You’d gotten so used to wearing a mask — to the grocery store, at the gas station, maybe even while enjoying the great outdoors. At some point, it became less of a nuisance and more of a security blanket.
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Now, though, the rules have changed. As pandemic restrictions loosen, many places no longer require masks. And if you’re one of the many people who would prefer to stay covered up, you might feel awkward about the whole thing.
“You’re entitled to make choices about your own body,” says psychologist Dawn Potter, PsyD. But because it can feel uncomfortable to be the only masked face in the room, she offers tips for easing your anxiety, responding to nosy inquiries and seeking help if you need it.
The emotional difficulty of unmasking
As the saying goes, “Old habits die hard” — so even if you never wanted to mask up in the first place, you may now feel uncomfortable going without.
“When people get into a habit of doing something, it can be hard to break the habit,” Dr. Potter says. “That even applies to things they didn’t initially want to do, like masking.”
And even if you want to continue masking, it’s natural to feel awkward about it in social settings.
“Humans are a social species, so we have a natural urge to conform,” Dr. Potter explains. “Doing something visibly different from everyone else — like wearing a mask when no one else is — kind of feels like showing up to a fancy wedding in jeans and a T-shirt. It just doesn’t feel right.”
Why some people are remaining masked
There are plenty of reasons you might wish to keep masking up when you go out — and even if you’re comfortable without a mask, try to have empathy for the fact that other people’s lives are different from your own. We all live with varying circumstances, health issues and levels of risk tolerance.
- Health issues: Some people fall into vulnerable groups for whom contracting COVID-19 could pose additional health risks, or they live with people who do. Whether or not these individuals are vaccinated, they may simply feel safer continuing to mask up.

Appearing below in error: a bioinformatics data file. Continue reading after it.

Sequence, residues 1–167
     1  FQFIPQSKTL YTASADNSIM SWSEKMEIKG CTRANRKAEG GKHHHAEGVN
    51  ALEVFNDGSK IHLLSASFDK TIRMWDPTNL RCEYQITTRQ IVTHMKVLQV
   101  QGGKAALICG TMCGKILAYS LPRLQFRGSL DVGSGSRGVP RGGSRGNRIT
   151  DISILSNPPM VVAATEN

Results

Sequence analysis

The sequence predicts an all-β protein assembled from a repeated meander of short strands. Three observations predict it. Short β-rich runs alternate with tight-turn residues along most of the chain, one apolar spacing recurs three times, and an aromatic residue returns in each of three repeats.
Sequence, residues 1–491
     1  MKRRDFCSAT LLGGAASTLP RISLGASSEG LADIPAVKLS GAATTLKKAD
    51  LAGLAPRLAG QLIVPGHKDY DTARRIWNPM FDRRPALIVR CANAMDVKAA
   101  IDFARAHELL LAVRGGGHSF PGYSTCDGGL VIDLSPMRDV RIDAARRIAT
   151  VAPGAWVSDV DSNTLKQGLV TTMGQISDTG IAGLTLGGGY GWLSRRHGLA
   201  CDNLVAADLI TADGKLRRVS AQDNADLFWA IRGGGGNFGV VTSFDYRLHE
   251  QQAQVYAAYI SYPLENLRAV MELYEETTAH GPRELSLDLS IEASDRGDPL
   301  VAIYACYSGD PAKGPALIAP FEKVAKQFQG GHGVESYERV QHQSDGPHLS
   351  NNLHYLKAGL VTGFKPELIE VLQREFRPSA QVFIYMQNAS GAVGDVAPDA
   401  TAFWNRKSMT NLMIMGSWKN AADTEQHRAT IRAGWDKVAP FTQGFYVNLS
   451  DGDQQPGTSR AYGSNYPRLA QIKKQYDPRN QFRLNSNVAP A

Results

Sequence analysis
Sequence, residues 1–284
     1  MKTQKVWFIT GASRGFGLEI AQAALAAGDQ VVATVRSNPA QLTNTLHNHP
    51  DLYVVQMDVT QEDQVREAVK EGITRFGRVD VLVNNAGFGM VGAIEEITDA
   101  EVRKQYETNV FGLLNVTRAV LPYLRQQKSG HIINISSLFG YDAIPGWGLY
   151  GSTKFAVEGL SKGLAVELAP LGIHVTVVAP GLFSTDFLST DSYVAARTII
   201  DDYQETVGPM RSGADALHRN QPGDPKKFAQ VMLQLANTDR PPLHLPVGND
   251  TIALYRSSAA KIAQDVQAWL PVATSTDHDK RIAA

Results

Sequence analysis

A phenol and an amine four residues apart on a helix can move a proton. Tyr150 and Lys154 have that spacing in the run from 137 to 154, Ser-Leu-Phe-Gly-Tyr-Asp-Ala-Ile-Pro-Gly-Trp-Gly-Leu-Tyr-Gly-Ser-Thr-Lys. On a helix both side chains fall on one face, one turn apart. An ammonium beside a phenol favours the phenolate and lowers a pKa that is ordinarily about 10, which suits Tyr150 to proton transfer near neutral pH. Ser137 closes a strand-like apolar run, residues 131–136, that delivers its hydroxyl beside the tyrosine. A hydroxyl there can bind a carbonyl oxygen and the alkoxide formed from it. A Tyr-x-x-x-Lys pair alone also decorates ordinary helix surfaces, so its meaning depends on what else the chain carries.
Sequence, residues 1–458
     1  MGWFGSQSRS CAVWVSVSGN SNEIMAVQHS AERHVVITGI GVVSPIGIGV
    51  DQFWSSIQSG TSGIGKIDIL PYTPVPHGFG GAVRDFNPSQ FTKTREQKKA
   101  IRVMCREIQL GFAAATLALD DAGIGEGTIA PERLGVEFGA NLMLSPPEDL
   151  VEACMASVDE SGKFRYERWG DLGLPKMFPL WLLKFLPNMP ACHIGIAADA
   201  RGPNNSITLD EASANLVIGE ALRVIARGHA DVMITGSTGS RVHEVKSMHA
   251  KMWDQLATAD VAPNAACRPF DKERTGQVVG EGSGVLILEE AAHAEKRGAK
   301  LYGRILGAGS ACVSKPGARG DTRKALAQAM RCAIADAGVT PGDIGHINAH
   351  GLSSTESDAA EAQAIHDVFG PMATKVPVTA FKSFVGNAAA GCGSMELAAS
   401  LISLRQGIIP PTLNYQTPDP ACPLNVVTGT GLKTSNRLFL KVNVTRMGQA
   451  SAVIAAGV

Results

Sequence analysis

- Concerns about variants: Scientists and doctors aren’t yet sure how coronavirus variants respond to the COVID-19 vaccine. As news of the Delta variant and others continues to make headlines, some people remain on high alert.
- Low risk tolerance: “No vaccine is 100% effective, so there is still some risk of getting ill,” Dr. Potter says. Some people may not yet be comfortable with the lingering risk, though small.
And even if you can’t pinpoint why, exactly, you’re not yet comfortable unmasking, Dr. Potter says that’s normal, too. After more than a year of being told that wearing a mask was a vital health and safety measure, it may just feel too jarring to suddenly go without.
“Masking gave us a sense of security and safety, and we grew so used to them that it may just feel bizarre now to be in a public place without a mask,” Dr. Potter says. “It’s natural to want to avoid discomfort, so many people — even those who believe in the efficacy of vaccines — may just not feel ready.”
Remember: Most people aren’t paying attention to you (in a good way)
When you notice that you’re the only one in the room wearing a mask, you might assume that everyone else has noticed, too — but noticing is not necessarily the same as criticizing.